Gary Rosenthal Interview
VISIT THE ENTIRE GARY ROSENTHAL COLLECTION
Gary Rosenthal's work is truly incredible! Not only is he an inspired artist, but he is a person who cares deeply about others and making a difference in the world. Although Gary Rosenthal is best known for creating one of the most popular lines of Judaica in the country for almost 30 years, many are not aware that he is the CEO of Art as a Catalyst, which empowers special needs groups through training and employment. In fact, Gary's beautiful new line, the Woven Collection, is woven in his studio by two autistic workers.
In January 2009, The Gary Rosenthal Collection introduced a new line of Judaica, the Woven Collection. Gary's unique woven pieces are enhanced by the story of those who created them. Two autistic employees on staff at the Gary Rosenthal Collection contribute on a daily basis to the studio's fine artwork. One of them, Tim, enjoys the task of weaving copper strips into a mesh that other artists can fabricate into this wonderful mezuzah. He loves the precise operation of weaving, a skill at which he excels, and is very proud of the finished product. The Gary Rosenthal Collection is pleased to be a company that combines business, art, and social responsibility.
I first interviewed Gary Rosenthal in June 2007 and I am so happy to have interviewed him again in September 2009. It is my pleasure to introduce to you a wonderful man and artist, Gary Rosenthal...
The interview below is from September 2009:
Risa Borsykowsky (RB): You introduced several new woven items in January 2009 which are made by two of your autistic employees, and you have just added more items to the line because of their popularity. The woven pieces are beautiful! Where did you get the idea from?
Gary Rosenthal (GR): I was on a vacation in Harper's Ferry, West Virginia and I saw a pair of mesh earrings that I bought for my wife. I liked the mesh/woven appearance and when I got home I had the goal of using woven copper in my work.
RB: How many autistic employees are on your staff? What are their names?
GR: Right now, Tim and John are regular employees. Tim has been with me for 6 years and John 8 years.
RB: Did you know them prior to employing them?
GR:. I work with an organization called CSAAC of Maryland, which places special needs employees throughout Montgomery County, MD.
RB: What gave you the idea of employing people with autism to help weave the items?
GR: I like to say that all of my staff/associates do what they do better than I would do. Nowhere is this clearer than with my autistic associates. Everyone is different, but John and Tim love to work on repetitive tasks where precision is critical. Weaving is a favorite task and the more the better. After the mezuzahs were so successful, I was determined to create more woven items so that eventually I could hire another autistic staffer for just that collection. That is still my hope.
RB: Prior the woven collection, do you have a connection or a prior experience of working with and wanting to help autistic people?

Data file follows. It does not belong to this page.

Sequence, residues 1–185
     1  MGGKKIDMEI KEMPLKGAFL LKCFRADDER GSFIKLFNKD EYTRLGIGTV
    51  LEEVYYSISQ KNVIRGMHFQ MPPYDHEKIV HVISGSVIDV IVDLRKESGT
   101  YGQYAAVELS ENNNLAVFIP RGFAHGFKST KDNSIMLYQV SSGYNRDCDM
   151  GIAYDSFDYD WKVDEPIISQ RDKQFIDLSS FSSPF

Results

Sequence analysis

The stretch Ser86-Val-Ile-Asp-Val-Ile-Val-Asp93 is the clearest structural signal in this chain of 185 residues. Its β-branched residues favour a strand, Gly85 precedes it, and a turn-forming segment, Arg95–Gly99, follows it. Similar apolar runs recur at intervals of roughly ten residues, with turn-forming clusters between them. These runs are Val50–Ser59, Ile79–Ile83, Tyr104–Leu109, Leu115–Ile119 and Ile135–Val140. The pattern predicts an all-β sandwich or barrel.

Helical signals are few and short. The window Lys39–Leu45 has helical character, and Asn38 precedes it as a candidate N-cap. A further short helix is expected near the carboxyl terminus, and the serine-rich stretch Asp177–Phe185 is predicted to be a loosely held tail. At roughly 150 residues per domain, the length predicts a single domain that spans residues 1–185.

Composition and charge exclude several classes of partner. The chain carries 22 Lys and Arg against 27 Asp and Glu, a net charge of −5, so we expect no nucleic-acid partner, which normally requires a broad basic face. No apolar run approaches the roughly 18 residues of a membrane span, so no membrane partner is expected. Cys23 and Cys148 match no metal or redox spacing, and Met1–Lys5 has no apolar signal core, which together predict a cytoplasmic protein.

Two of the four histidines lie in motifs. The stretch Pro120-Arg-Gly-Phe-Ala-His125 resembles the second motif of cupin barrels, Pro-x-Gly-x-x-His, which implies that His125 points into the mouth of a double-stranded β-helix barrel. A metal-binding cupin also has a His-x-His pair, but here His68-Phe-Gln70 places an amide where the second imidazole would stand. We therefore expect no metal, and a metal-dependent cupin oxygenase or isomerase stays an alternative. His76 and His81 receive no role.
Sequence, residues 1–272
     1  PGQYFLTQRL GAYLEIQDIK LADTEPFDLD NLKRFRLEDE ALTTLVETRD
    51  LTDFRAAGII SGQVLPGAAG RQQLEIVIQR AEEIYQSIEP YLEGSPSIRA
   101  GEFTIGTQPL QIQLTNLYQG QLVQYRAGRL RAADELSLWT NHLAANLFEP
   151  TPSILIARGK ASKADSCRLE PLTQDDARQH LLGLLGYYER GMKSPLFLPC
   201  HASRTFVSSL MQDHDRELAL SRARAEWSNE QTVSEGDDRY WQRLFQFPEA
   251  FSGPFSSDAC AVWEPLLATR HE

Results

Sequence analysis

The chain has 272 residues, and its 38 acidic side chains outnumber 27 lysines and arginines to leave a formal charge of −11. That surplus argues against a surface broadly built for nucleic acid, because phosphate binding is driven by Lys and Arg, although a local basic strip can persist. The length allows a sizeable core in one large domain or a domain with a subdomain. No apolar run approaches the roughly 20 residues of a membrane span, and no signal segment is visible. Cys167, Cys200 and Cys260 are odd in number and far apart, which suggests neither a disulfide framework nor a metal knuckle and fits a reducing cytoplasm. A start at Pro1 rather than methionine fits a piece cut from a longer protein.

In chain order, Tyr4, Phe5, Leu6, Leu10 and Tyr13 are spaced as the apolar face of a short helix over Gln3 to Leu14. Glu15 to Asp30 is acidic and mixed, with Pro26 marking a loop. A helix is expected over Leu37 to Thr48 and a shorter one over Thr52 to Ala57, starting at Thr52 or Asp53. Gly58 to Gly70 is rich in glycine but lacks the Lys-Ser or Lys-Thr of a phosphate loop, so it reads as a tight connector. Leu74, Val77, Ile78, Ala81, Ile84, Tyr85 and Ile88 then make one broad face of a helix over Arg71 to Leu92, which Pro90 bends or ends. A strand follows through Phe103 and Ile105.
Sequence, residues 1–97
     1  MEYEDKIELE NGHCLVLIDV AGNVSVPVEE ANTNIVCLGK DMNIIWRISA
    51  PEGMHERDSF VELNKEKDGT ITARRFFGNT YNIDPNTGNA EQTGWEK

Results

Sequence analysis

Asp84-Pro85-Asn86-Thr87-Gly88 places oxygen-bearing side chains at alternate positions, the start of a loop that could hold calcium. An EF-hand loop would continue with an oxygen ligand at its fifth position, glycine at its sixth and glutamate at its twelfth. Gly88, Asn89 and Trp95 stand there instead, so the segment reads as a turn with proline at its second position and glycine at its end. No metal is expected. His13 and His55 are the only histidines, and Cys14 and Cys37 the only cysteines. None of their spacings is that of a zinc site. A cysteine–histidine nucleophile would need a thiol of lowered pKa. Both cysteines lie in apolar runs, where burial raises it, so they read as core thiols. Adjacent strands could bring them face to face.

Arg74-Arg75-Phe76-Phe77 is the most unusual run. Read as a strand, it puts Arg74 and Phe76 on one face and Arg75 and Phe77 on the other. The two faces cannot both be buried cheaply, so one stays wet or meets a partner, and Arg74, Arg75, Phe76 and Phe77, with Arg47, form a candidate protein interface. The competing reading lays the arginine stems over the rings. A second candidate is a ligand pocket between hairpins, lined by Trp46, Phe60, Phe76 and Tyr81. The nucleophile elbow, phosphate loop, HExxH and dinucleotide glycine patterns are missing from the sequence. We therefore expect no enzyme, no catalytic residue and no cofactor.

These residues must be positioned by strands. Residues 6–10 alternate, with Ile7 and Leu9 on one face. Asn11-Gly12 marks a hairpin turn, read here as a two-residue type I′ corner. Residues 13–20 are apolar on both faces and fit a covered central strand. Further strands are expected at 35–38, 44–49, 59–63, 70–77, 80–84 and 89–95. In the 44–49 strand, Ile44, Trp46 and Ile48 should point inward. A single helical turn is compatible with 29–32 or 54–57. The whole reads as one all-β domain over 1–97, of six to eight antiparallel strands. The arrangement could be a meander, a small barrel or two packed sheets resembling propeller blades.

GR: Working with special employees has been a goal of mine since college. I was an industrial and labor relations major at Cornell. My first effort to combine art with employment was in 1977 when I tried to develop papermaking into a gift card operation with special needs staff. It did not work out at the time, but my hope was always to bring people into the business using art as a catalyst for empowerment.
RB: Have you learned anything new about autism since working on the new line?
GR: I learn something new about all of my staff just about every week. Keep learning!
RB: How many years are you now in business?
GR: I have been sculpting since I took a year off college in 1974.
RB: I sold one of your pieces a few weeks ago as a gift to Itzhak Perlman’s daughter. Then I read on your blog that Henry Winkler received an award that you created. Any other new notable/famous people who own one of your pieces?
GR: I actually have a thank-you note from Itzhak Perlman for a gift he received of mine many years ago. I don't do a good job of keeping track of folks who receive my work but will make a better effort in the future. Stay tuned!
RB: Where do you get your inspiration?
GR: Inspiration comes from living and thinking.
RB: You have an interesting new tzedekah box that hangs on the wall. It’s so unusual to have a tzedekah box on the wall - what gave you the idea for this?
GR: I was asked to create a tzedekah box that would be attached to the home so that "tzedekah could become part of the home." I liked the idea.
RB: Please tell me more about the Kristolnacht project. Is this still in the planning phase or is it coming together?
GR: The Kristolnacht project is in the planning stage. I am writing a proposal right now. This will probably be the largest and most significant project of my career. Stay tuned.
[Note from Risa: Gary elaborates more on The Kristolnacht projec on his blog as follows: "In remembrance of "The Night of Broken Glass," we hope to create a memorial wall in honor of the millions who lost their lives during the Holocaust. In the same way as the Hiddur Mitzvah Project, people all over the country, and perhaps the world, will design one foot square glass tiles, some with a white border and some with black. These will then be fused solid and put together into one wall, symbolically putting back together the shards of that broken time. The black represents the evil of the past and the white represents the good hope of the future. There is always some good and always some bad as the design shows. The final wall will be displayed for all to see. If you are interested in getting involved with this historic project in any way, please contact us, or call Gary at 301.493.5577.]